EU wide harmonisation of refugee and subsidiary protection status  


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  • More convergence in asylum decisions 
  • Reducing incentives to move within the Union 
  • Equality of treatment of beneficiaries of international protection across the Union 

MEPs adopted new qualification regulation to further harmonise the refugee status across the EU and increase legal certainty and transparency.

The current directive will be updated and replaced by a directly applicable regulation in order to further encourage convergence of recognition rates between member states as well as the type of protection status granted.

Recognition of refugee status or subsidiary protection

The qualification regulation sets out criteria for granting and withdrawing international protection status. This can either be the refugee status, which requires a causal link between persecution based on race, religion or belief, nationality, political opinion or membership of a particular group and the acts of persecution in the country of origin. A distinct subsidiary protection status applies in cases of persons who do not qualify for refugee status but face a real risk of suffering serious harm if returned to the country of origin, for example due to indiscriminate violence irrespective of personal circumstances, torture, death penalty or execution. The residence status is also extended to family members of the person given protection.

The refugee status is based on the Geneva Refugee Convention, representing the cornerstone of the international legal regime for the protection of refugees. When assessing individual applications for international protection, national authorities should take into account information, reports and common analysis on the situation in countries of origin and guidance notes developed by the EU Asylum Agency as well as relevant recommendations issued by the UNHCR.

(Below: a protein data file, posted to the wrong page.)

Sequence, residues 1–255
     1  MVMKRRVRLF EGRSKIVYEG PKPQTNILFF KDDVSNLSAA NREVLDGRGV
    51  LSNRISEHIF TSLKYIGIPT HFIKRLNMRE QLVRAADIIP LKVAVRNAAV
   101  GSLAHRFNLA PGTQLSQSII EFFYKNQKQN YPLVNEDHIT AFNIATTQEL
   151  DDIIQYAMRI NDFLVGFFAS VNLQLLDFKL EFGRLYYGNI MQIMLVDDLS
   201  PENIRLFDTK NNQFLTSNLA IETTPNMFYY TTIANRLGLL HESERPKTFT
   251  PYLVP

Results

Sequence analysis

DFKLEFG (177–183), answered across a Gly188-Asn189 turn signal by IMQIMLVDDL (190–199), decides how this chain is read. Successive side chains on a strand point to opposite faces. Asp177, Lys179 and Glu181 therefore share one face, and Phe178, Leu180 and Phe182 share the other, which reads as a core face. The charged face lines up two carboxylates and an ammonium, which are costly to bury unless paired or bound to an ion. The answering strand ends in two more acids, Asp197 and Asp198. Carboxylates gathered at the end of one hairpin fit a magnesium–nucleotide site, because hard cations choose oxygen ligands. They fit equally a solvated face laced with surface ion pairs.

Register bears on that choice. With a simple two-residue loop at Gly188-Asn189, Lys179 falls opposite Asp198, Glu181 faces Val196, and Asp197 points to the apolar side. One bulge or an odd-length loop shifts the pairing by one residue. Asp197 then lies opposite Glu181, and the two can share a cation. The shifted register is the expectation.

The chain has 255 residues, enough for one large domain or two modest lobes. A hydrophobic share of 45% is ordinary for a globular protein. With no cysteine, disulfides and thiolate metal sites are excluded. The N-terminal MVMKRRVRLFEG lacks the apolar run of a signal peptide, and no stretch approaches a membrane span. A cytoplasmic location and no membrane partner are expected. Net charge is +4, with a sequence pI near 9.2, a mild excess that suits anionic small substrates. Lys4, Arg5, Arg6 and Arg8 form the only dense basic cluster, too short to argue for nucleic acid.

The essential component of international protection status is to ensure protection against refoulement or return to a country where a person has reason to fear persecution.

Obligation to stay in the EU country of protection

In order to prevent secondary movements, the new rules clearly state that beneficiaries of international protection have to reside in the member state which granted them international protection. They can travel freely within the member states applying Schengen acquis within the authorised periods of stay in accordance with Schengen Borders Code. If a person is found overstaying in another member state without a valid reason, the calculation of the five-year period after which beneficiaries of international protection can apply for Long-term residency status will restart.

Common set of rights

The new rules will unify the duration of residence permits granted for at least 3 years for refugee status and for at least 1 year for subsidiary protection and clarify the rights associated with the international protection status, such as access to education, employment, social assistance or healthcare.


After the vote, rapporteur Matjaž Nemec (S&D, SI) said: "The reformed Qualification regulation is a key puzzle of the future European asylum system which will guarantee uniform assessment of asylum applications across the Union, and will offer the beneficiaries of international protection a fair chance at successful integration into their host communities. Some key achievements include abolishing systematic review of status, broadening the definition of family members and increased protection for minors which collectively reflect our commitment to a compassionate and human-centered approach to asylum policy.”

Next steps

The new rules have to now formally be approved by the Council. The regulation will enter into force twenty days after publication in the EU Official Journal and will start applying two years after. This legislation will not apply in Denmark and Ireland.

The legislation is part of the wider revamp of the EU’s common asylum and migration rules, on which Parliament voted today. You can find more information here.